Uber has disrupted a traditional service to such an extent that Yellow Cab, the largest cap company in San Francisco, filed for bankruptcy in 2016. Uber, founded in 2009, currently operates in 67 countries and is valued at an estimated $62.5 billion. The money shift has been fast and remarkable as people immediately recognized the ease and convenience of using an app on their phone over hailing a cab.
Robots vs Humans
But here’s the key: Uber still has drivers; people – at least until self-driving cars become more common. This same point can be made about the legal field. While robots and tech can change an industry, and paralegals and attorneys are in the wake of this change, they still miss one important point: “the human factor,” said Dana.
Yes those pesky humans that still need to input the information into the programs, sort it, send it to the court’s, file it, contact the parties via email, text and phone with updates and news and discuss concerns with clients and others in the chain. People also work to strategize using years of experience and knowledge, reading, sorting and qualifying all the documents during the discovery process that the software spits out. And, at least for now, only people are capable of making the human to human connection and conveying the emotion and understanding certain situations call for. Whether working with clients or opposing counsel, sometimes it takes a little empathy or anger to make things move.
As Dana put it, “I have to be the shoulder that people cry on because somebody died, somebody’s loved one died. Or there are a lot of moms who take care of their disabled children, and when the children come of age they are not only children anymore, but they are adult children…the moms have to obtain…what is called conservatorship of the person. There’s no income coming except for the help from the state, but they have to take care of the daily needs of their child. Most of the time these ladies devote themselves fully to this child. The most gratifying thing is when I help them with the burden.”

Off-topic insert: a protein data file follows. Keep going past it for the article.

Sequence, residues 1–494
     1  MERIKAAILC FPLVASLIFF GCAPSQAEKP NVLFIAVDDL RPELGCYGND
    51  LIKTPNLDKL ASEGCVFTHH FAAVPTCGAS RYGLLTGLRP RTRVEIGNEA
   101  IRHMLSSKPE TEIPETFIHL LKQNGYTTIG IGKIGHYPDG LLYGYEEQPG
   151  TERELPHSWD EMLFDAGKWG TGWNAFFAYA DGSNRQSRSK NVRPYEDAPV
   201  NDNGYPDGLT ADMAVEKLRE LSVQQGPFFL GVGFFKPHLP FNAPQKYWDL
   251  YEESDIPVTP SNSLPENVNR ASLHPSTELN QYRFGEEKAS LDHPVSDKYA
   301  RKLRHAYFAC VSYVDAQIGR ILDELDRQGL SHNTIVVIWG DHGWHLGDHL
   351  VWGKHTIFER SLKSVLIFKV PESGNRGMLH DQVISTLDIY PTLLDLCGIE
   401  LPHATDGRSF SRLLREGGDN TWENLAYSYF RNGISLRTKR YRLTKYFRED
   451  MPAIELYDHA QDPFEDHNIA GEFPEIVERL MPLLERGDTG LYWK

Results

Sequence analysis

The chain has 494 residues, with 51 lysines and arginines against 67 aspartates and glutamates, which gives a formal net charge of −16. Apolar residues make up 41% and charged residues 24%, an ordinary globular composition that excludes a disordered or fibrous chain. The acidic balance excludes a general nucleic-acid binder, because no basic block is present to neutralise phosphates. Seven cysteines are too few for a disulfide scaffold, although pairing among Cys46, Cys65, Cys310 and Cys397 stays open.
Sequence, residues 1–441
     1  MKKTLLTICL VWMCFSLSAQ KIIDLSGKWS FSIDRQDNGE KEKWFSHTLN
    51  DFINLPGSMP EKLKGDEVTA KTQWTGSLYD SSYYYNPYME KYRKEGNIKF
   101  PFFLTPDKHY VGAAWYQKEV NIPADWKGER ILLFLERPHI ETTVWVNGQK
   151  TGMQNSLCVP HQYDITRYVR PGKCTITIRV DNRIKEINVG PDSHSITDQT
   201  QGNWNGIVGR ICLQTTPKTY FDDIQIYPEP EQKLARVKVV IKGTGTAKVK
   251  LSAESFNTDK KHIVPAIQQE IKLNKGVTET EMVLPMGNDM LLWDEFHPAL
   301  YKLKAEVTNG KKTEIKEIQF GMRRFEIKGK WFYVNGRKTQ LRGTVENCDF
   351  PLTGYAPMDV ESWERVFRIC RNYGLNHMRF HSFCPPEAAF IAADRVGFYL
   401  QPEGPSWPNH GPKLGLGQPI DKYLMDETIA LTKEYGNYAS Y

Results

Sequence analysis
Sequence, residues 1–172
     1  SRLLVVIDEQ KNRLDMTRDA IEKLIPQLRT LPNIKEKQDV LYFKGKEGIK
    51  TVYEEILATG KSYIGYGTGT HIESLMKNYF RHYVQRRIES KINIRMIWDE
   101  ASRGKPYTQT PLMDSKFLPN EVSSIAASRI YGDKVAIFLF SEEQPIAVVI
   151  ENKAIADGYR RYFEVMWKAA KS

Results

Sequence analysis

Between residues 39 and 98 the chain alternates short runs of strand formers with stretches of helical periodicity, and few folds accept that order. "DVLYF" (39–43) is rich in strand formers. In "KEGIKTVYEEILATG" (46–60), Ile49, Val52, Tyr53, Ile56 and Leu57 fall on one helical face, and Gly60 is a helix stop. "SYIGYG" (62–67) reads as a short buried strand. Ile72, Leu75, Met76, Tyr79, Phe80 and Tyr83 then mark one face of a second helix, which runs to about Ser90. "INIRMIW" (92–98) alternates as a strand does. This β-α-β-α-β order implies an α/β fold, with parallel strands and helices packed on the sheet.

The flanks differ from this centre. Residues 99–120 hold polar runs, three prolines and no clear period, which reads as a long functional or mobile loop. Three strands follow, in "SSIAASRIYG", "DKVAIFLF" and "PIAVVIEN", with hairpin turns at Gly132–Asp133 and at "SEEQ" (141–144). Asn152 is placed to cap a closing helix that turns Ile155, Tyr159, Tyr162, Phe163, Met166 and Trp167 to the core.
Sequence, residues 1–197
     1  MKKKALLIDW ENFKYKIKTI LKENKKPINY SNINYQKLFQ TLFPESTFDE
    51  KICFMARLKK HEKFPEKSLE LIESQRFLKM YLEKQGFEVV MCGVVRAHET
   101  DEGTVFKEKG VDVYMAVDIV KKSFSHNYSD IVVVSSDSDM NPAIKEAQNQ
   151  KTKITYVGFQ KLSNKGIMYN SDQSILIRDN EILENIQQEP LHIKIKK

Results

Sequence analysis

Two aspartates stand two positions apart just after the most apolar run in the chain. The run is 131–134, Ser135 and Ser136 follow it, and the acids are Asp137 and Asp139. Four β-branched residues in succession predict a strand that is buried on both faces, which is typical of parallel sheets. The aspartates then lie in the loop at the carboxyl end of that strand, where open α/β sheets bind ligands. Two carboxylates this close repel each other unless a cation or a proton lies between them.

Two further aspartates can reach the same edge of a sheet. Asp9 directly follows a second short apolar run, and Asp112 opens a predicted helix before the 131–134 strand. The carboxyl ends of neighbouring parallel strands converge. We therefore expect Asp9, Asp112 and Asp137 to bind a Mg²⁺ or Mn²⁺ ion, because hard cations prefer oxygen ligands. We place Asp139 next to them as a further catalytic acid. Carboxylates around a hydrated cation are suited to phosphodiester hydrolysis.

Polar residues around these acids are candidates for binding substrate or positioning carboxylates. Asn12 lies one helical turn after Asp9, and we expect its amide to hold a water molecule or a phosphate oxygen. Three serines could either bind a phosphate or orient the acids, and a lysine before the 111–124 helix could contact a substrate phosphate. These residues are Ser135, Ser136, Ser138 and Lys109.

As of this writing, no legal software is capable of that.
It’s that human touch – that ability to walk alongside a client through what might amount to years of red tape – that a machine can’t replace.
The legal industry is changing. We are at the dawn of a new age where software will perform more and more functions once strictly in the purview of paralegals. We can’t ignore or deny this. It’s a simple reality as the future approaches at light speed. It doesn’t mean that paralegals will become obsolete. What it means is that professionals in the legal field are going to need to continue to adapt. But this is nothing new for paralegals, as the profession continues to become increasingly more specialized and the professionals become increasingly more sophisticated and knowledgeable of law and legal processes.
Just as surgeons now use robots in surgery, so too will AI impact the legal field. At the end of the robotic surgical tools, however, is still the expert hand that guides it. Experienced, caring paralegals will still stand alongside clients through the emotional land mines and complicated nuances of the law. And who knows, perhaps AI will create new possibilities for paralegals to become the experts responsible for managing it.